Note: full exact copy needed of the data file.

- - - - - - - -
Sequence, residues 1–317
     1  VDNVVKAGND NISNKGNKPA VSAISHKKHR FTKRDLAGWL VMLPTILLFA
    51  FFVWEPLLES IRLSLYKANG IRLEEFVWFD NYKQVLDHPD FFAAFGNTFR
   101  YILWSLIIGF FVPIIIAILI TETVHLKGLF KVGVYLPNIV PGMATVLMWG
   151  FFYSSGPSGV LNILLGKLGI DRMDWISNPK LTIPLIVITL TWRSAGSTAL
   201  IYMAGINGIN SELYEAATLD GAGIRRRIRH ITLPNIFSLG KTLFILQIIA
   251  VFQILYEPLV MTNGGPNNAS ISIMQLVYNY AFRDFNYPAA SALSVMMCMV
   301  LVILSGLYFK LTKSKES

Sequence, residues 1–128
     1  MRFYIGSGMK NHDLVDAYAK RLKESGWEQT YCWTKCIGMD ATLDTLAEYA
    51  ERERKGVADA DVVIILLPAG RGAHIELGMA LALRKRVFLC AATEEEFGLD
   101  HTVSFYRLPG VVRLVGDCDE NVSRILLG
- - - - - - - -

Sequence, residues 1–317
     1  VDNVVKAGND NISNKGNKPA VSAISHKKHR FTKRDLAGWL VMLPTILLFA
    51  FFVWEPLLES IRLSLYKANG IRLEEFVWFD NYKQVLDHPD FFAAFGNTFR
   101  YILWSLIIGF FVPIIIAILI TETVHLKGLF KVGVYLPNIV PGMATVLMWG
   151  FFYSSGPSGV LNILLGKLGI DRMDWISNPK LTIPLIVITL TWRSAGSTAL
   201  IYMAGINGIN SELYEAATLD GAGIRRRIRH ITLPNIFSLG KTLFILQIIA
   251  VFQILYEPLV MTNGGPNNAS ISIMQLVYNY AFRDFNYPAA SALSVMMCMV
   301  LVILSGLYFK LTKSKES

Sequence, residues 1–128
     1  MRFYIGSGMK NHDLVDAYAK RLKESGWEQT YCWTKCIGMD ATLDTLAEYA
    51  ERERKGVADA DVVIILLPAG RGAHIELGMA LALRKRVFLC AATEEEFGLD
   101  HTVSFYRLPG VVRLVGDCDE NVSRILLG